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Tibetan Zen Meditation
By Tulku Yeshi Rinpoche
Sunday, October 21, 2012
Many practitioners of Tibetan Buddhism are familiar with the terms Dzogchen and Mahamudra, and have practiced these two meditations but are some that frustrated with the results. This is because 1) the foundations of their meditation are not stable, and 2) the main practice is too complicated for them to fit into their busy lives, 3) their motivation is ordinary, while the result they seek is very profound; and 4) it is very difficult to keep all the vows required of Mahayana and Vajrayana practitioners. Many people are looking for a simple yet profound way to achieve Buddhahood but are afraid of stepping outside the boundaries of the particular school of Buddhism they have committed to, fearing that other schools may reject them for sectarian reasons. So if you are one of these people and feel stuck in your practice as a result, welcome to Tibetan Zen!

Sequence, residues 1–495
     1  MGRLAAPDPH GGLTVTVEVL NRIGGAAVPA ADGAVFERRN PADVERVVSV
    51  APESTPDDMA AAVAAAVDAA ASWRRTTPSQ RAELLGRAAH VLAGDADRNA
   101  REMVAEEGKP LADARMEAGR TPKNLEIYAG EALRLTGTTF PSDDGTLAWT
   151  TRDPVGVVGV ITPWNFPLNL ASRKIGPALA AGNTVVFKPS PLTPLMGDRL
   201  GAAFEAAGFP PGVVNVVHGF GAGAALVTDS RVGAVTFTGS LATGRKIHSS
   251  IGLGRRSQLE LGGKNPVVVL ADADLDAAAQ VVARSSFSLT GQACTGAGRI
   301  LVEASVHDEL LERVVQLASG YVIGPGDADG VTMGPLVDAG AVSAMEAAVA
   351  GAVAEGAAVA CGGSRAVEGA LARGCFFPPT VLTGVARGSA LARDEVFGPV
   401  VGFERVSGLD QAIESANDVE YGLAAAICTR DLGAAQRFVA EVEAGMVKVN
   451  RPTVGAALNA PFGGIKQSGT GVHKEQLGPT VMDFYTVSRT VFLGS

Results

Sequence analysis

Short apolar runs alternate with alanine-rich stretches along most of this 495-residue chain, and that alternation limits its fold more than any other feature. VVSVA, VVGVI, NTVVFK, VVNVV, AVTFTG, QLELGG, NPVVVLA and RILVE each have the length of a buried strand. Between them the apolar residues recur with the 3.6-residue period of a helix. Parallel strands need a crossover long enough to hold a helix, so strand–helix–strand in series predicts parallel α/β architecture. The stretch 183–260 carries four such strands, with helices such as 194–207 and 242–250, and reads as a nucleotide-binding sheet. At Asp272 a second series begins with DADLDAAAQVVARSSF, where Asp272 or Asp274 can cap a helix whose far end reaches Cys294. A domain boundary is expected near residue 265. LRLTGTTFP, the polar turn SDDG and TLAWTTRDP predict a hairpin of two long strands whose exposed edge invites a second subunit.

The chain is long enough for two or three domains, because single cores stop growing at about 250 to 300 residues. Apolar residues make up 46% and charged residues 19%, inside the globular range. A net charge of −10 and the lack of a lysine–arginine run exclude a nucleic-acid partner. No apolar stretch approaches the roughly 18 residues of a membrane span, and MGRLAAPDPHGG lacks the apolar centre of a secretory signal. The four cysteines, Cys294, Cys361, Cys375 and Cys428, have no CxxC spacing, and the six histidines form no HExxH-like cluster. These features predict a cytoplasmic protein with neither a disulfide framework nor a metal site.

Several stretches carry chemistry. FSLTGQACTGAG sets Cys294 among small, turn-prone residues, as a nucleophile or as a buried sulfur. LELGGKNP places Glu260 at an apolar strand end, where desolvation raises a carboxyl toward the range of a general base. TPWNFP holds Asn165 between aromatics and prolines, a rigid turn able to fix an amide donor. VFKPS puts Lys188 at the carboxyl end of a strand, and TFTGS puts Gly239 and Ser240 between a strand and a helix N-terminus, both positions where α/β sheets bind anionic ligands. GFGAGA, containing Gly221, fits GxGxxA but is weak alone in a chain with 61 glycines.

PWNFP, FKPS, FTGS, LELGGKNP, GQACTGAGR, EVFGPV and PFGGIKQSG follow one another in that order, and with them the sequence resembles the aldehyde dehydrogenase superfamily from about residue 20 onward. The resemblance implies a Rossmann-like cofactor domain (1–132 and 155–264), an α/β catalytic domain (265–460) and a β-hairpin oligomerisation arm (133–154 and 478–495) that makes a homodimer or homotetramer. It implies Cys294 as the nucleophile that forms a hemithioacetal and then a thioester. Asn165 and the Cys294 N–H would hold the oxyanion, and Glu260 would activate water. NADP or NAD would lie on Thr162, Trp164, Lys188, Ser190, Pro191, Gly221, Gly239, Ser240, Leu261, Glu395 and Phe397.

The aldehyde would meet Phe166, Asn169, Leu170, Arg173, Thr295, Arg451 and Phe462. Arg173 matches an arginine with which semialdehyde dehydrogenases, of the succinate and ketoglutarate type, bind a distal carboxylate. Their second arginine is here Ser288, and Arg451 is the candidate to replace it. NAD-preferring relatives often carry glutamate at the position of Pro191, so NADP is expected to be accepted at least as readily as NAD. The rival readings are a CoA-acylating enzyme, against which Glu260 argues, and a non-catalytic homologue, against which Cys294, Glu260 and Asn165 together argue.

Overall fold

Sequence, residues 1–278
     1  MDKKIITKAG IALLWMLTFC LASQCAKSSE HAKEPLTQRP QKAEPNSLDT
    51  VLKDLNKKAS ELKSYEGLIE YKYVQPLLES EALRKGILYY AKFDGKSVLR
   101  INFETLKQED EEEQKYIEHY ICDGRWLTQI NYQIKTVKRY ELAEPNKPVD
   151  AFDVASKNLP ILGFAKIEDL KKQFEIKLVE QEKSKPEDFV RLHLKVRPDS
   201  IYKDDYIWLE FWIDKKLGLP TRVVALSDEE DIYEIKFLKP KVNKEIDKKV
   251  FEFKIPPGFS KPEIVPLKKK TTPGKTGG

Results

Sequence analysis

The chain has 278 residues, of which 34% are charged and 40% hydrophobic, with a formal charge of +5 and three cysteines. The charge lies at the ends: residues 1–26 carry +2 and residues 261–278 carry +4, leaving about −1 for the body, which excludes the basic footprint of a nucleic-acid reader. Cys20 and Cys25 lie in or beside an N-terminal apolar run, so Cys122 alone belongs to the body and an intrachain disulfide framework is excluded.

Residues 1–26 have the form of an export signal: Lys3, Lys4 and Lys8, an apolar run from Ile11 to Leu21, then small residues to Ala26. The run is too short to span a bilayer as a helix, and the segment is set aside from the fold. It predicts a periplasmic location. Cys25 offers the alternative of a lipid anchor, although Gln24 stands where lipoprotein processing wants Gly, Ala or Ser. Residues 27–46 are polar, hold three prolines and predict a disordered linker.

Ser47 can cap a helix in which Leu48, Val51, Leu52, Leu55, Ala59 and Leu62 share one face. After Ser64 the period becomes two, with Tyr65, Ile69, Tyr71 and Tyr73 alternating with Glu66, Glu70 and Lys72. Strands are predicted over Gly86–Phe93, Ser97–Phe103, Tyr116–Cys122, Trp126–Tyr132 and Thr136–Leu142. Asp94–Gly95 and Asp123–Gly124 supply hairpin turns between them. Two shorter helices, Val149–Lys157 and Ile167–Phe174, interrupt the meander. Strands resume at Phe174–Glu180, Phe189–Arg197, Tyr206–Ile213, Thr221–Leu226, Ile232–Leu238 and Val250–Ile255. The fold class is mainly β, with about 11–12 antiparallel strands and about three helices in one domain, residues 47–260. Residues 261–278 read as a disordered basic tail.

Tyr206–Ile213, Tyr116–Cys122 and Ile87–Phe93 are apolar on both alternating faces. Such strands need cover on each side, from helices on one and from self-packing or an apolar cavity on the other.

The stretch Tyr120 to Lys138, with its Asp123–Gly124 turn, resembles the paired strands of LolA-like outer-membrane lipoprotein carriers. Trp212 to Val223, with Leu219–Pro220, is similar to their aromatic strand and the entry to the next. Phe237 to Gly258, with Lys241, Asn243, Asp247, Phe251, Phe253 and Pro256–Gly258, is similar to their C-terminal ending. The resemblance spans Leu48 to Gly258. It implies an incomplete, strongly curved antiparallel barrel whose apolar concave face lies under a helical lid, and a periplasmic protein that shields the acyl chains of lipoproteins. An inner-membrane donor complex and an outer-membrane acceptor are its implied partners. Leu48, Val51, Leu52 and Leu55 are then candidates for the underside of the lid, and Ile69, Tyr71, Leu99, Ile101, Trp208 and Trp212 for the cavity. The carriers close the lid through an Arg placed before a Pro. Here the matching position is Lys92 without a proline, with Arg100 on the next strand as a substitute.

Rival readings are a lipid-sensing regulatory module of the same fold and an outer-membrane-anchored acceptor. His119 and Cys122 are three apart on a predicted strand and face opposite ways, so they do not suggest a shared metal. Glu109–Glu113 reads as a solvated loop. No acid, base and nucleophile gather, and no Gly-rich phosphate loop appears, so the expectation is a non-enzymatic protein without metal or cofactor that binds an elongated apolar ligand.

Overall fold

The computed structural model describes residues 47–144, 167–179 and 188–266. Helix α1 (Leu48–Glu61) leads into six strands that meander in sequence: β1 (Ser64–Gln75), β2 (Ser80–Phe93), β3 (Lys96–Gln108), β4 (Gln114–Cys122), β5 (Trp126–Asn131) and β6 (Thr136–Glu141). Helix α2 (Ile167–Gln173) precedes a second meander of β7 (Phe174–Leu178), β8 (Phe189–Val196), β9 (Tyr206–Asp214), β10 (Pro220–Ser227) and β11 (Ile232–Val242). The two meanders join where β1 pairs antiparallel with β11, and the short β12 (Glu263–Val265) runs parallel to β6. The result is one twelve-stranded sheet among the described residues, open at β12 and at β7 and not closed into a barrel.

Tulku Yeshi Rinpoche is a Dzogchen master and the reincarnation of Dzogchen Gyaltsab Thodo Rinpoche. He was recognized by H.H. Dalai Lama’s Nyingmapa teacher Kyabje Trulshig Rinpoche. He received teachings from twenty-five masters representing all five schools of Tibetan Buddhism. Tulku Yeshi has written thirteen books, ten of which have been published, on the subject of Tibetan Buddhism and culture, including “A One Thousand Year History of Sakyapa.” He has published three books in English: his autobiography “A Modern Liberation Odyssey – An Autobiography of a Tibetan Nomad Lama”, “Handbook for Half-Buddhas” and “Tibetan Zen.” He also writes novels, poetry for mind training, provides Tibetan astrology readings, can advise people on how to enjoy their life, and can bestow empowerments. Currently he is working on Dharma activities at Sakya Monastery in Seattle.